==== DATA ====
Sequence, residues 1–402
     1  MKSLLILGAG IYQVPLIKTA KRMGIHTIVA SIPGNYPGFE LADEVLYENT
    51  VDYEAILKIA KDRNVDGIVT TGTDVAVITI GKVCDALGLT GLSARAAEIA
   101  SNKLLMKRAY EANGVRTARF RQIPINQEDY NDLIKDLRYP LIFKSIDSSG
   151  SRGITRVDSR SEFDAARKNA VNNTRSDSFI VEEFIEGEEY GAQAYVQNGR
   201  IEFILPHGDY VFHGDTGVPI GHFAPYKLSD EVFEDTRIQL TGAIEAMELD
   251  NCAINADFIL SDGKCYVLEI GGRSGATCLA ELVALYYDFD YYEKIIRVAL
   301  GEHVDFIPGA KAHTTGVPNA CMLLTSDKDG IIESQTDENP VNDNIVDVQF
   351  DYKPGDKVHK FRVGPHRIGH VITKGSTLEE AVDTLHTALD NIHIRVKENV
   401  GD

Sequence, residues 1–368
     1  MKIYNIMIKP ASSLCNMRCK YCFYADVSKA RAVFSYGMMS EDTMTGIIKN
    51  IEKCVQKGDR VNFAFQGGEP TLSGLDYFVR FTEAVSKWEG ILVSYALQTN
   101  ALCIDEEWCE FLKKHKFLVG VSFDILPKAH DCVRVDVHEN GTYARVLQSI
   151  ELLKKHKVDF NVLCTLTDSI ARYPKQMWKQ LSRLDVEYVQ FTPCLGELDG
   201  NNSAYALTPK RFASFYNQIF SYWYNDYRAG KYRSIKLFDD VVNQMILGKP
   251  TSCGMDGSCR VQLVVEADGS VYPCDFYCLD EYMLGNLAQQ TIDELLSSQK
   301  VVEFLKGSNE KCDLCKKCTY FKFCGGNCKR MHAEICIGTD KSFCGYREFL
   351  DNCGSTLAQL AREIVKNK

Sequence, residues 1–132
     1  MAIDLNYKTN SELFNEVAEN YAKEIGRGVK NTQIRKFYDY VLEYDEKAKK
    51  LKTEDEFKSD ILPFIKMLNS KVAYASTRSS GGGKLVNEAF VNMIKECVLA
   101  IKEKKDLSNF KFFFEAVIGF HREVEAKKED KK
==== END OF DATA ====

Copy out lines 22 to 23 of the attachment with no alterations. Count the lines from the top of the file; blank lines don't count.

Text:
    51  LKTEDEFKSD ILPFIKMLNS KVAYASTRSS GGGKLVNEAF VNMIKECVLA
   101  IKEKKDLSNF KFFFEAVIGF HREVEAKKED KK